References

  1. Gelband H and others. Cellular treatment. In Gelband H and others. Unconventional cancer treatments. Washington, DC, U.S. Government Printing Office, 1990. pp 97-98.
  2. Kuettner H. Verimpfung an stelle der transplantation hochwertiger organe. Zentralblatt fur Chirugie 1:390-397, 1912., as cited in Popov IM and others. Journal of the International Academy of Preventive Medicine 40:74-82, 1977.
  3. Tierney J: Buying time. In Health 4(1):35-44, 1990.
  4. The goat gland doctor. In Schwarcz J. The Genie in the Bottle. Toronto: ECW Press, 2001.
  5. Hafner AW and others, editors. Guide to the American Medical Association Historical Health Fraud and Alternative Medicine Collection. Chicago: American Medical Association, 1992.
  6. Wilson JL. Mesenchyme: Little known rejuvenating healer. Feb 15, 2000.
  7. van den Bos C and others. Human mesenchymal stem cells respond to fibroblast growth factors. Human Cell 10:45-50. 1997.
  8. Unproven methods of cancer management: Fresh cell therapy. CA -- A Cancer Journal for Clinicians 41:126-128, 1991.
  9. Lindeman B, Cubbison C: Cellular therapy: A shabby clinic offered rejuvenation but delivered death. Today's Health 53:36-41, 1975.
  10. Osband ME and others. Histiocytosis-X. Demonstration of abnormal immunity, T-cell histamine H2-receptor deficiency, and successful treatment with thymic extract. New England Journal of Medicine. 304:146-153, 1981.
  11. Kiefer H and others. Ascending polyradiculitis following swine brain implant in a patient with encephalomyelitis disseminata. Nervenarzi 55:422-425, 1984.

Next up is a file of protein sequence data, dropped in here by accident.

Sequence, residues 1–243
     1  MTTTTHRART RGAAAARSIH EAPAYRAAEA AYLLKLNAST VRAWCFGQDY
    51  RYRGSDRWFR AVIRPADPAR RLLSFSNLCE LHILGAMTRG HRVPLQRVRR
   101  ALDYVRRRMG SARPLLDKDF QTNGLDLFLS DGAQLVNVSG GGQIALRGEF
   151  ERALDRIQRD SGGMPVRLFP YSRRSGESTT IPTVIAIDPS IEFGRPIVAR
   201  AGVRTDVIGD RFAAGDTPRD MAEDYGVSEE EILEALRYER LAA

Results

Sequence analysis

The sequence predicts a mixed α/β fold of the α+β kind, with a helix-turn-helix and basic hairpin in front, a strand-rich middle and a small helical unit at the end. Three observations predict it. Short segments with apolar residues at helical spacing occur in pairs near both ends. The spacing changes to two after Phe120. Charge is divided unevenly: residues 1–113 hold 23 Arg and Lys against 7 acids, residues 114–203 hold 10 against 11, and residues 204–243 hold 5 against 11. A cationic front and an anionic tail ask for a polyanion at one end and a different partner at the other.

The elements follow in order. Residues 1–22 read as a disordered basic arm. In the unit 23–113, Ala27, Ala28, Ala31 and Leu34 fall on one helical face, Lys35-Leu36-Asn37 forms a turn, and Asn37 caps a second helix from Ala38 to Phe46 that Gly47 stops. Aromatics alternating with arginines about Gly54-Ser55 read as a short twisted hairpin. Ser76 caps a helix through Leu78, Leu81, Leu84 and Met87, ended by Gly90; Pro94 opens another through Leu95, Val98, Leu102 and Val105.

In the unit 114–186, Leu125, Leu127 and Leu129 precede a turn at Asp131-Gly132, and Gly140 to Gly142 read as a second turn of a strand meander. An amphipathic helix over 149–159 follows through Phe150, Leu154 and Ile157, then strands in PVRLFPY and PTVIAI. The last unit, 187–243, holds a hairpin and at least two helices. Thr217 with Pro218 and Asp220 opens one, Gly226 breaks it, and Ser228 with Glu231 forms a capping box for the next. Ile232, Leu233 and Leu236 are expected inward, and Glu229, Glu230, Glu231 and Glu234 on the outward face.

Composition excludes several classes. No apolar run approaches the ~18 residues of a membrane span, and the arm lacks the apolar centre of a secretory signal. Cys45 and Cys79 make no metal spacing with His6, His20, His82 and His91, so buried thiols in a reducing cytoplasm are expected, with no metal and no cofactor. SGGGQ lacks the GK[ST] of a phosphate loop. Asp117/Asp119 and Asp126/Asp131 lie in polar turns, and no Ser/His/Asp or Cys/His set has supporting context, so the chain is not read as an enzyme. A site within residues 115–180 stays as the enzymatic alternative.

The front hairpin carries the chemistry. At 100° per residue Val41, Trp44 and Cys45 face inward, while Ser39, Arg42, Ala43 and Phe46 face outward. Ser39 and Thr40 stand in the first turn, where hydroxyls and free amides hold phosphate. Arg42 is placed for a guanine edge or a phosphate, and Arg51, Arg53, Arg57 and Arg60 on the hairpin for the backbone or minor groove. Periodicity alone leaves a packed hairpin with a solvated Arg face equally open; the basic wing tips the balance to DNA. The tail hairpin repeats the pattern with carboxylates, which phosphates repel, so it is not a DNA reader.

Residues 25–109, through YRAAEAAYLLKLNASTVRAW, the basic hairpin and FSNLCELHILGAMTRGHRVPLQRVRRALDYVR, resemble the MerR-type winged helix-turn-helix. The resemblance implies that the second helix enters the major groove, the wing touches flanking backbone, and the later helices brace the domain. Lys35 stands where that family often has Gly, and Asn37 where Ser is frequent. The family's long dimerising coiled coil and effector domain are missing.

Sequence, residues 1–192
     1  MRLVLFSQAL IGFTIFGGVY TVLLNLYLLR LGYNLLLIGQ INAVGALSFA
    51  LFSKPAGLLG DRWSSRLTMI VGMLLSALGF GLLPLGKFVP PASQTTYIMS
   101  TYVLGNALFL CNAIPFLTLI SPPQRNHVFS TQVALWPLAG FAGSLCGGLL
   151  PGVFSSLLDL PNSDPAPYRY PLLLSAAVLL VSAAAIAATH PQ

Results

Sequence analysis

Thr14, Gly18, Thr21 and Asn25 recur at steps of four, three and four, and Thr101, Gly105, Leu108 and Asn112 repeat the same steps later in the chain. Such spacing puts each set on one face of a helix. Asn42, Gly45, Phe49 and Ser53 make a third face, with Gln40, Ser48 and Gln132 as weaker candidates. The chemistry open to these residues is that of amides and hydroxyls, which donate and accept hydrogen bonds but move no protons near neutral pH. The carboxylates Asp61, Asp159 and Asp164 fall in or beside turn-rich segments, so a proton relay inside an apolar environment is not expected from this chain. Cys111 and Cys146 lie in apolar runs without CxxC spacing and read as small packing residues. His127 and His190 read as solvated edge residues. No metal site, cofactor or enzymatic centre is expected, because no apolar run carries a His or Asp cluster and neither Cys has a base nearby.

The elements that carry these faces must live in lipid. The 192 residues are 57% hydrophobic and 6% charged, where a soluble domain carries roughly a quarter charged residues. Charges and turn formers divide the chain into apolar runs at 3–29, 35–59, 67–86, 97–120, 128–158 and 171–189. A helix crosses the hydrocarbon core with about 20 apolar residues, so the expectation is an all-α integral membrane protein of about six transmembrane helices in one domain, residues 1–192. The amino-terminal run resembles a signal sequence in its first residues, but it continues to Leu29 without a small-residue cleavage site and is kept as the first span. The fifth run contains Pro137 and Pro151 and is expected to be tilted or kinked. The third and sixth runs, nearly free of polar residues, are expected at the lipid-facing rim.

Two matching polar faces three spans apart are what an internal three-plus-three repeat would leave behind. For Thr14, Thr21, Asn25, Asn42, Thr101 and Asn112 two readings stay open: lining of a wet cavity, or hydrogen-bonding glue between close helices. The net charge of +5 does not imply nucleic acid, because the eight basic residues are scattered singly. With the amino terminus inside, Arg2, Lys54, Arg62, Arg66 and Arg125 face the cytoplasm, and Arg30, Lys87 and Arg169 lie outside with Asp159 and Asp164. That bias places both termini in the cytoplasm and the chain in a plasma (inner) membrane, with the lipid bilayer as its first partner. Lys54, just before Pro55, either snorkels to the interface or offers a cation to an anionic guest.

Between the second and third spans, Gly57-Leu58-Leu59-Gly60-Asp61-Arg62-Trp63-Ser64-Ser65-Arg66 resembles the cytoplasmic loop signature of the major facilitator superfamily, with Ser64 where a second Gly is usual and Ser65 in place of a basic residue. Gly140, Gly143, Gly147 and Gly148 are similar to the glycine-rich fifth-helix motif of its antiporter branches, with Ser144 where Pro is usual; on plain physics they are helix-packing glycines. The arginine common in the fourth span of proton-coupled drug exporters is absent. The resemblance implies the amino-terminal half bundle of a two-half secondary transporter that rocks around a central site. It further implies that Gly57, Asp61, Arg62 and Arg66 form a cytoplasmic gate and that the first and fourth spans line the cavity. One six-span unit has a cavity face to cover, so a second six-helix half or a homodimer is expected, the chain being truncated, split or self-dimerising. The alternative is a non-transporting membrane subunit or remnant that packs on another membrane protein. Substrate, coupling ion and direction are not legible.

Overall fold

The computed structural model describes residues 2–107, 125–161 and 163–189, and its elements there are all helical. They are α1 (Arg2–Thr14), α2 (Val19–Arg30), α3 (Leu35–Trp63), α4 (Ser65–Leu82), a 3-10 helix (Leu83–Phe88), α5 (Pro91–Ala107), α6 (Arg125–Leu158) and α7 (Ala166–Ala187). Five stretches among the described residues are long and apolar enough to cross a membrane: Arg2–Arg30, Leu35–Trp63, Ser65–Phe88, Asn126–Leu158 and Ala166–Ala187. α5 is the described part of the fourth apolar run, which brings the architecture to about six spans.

12. Armoni M and others. Siccacell therapy in Down's syndrome. Harefuah 108:64-68, 1985.
  13. Susei Z, Swarc M. Guillain-Barré syndrome after injection of sheep cells. Harefuah 114:536-538, 1988.
  14. de Ridder M and others. Two cases of death following cell therapy. Deutsche Medizinische Wochenshrift 112:1006-1009, 1987.
  15. Goebel HH and others. Fresh cell therapy followed by fatal coma. Journal of Neurology 233:242-247, 1986.
  16. Saurat, J-H and others. Blistering skin disease in a man after injections of human placental extracts. British Medical Journal 297:775, 1988.
  17. Bohl J and others. Complications following cell therapy. Zeitschrift fur Rechtsmedizin 103:1-20, 1989.
  18. Cell therapy suspended. Lancet, Aug 29, 1987, p 503.
  19. Wobe enzymes and prepared animal tissues. DDNJ 8083, Food and Drug Administration Notices of Judgment, Aug 1965, p 431, as cited in 1971 American Cancer Society position paper on fresh cell therapy.
  20. Cell therapy. FDA Talk Paper T84-78. Rockville, MD: Food and Drug Administration, Nov 5, 1984.
  21. FDA Import Alert #66-41. Unapproved New Drugs Promoted In the U.S. Revised 8/9/95, 8/4/99.
  22. Foreman PJ, Ward J. An evaluation of cell therapy in Down syndrome. Australian Paediatric Journal 23:151-156, 1987.
  23. Last PM. Cell therapy: A cruel and dangerous deception. A drama in three acts. Journal of Paediatrics and Child Health 26:197-199, 1990.
  24. Plaintiff's initial disclosure statement. Howard Levy vs Dr. Gabriel Cousens, No. 333704, Superior Court for the State of Arizona in and for the County of Pima, filed Oct 13, 1999.
  25. Masiello SA. Warning letter to Gisella Thomas, Sept 27, 2003.

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This article was revised on August 21, 2003.